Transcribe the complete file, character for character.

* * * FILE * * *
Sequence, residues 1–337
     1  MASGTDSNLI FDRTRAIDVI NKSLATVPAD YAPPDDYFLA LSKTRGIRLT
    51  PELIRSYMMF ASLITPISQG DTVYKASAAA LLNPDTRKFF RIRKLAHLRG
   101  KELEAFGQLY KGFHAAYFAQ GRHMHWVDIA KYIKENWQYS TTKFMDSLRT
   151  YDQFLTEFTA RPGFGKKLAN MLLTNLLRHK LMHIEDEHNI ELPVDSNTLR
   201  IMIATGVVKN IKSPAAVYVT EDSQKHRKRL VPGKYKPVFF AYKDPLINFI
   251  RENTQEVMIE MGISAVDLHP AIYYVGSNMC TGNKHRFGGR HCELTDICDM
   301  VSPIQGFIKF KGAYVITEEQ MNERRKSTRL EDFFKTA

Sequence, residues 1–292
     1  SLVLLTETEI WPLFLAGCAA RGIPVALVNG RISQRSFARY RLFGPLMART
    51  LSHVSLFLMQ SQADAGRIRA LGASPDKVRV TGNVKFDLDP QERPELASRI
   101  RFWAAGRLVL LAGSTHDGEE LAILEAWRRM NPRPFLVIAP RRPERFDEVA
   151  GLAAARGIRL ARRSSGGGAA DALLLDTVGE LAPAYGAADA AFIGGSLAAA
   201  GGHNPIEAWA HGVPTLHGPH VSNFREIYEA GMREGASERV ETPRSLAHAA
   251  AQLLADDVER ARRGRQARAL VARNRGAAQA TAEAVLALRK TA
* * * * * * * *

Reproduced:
Sequence, residues 1–337
     1  MASGTDSNLI FDRTRAIDVI NKSLATVPAD YAPPDDYFLA LSKTRGIRLT
    51  PELIRSYMMF ASLITPISQG DTVYKASAAA LLNPDTRKFF RIRKLAHLRG
   101  KELEAFGQLY KGFHAAYFAQ GRHMHWVDIA KYIKENWQYS TTKFMDSLRT
   151  YDQFLTEFTA RPGFGKKLAN MLLTNLLRHK LMHIEDEHNI ELPVDSNTLR
   201  IMIATGVVKN IKSPAAVYVT EDSQKHRKRL VPGKYKPVFF AYKDPLINFI
   251  RENTQEVMIE MGISAVDLHP AIYYVGSNMC TGNKHRFGGR HCELTDICDM
   301  VSPIQGFIKF KGAYVITEEQ MNERRKSTRL EDFFKTA

Sequence, residues 1–292
     1  SLVLLTETEI WPLFLAGCAA RGIPVALVNG RISQRSFARY RLFGPLMART
    51  LSHVSLFLMQ SQADAGRIRA LGASPDKVRV TGNVKFDLDP QERPELASRI
   101  RFWAAGRLVL LAGSTHDGEE LAILEAWRRM NPRPFLVIAP RRPERFDEVA
   151  GLAAARGIRL ARRSSGGGAA DALLLDTVGE LAPAYGAADA AFIGGSLAAA
   201  GGHNPIEAWA HGVPTLHGPH VSNFREIYEA GMREGASERV ETPRSLAHAA
   251  AQLLADDVER ARRGRQARAL VARNRGAAQA TAEAVLALRK TA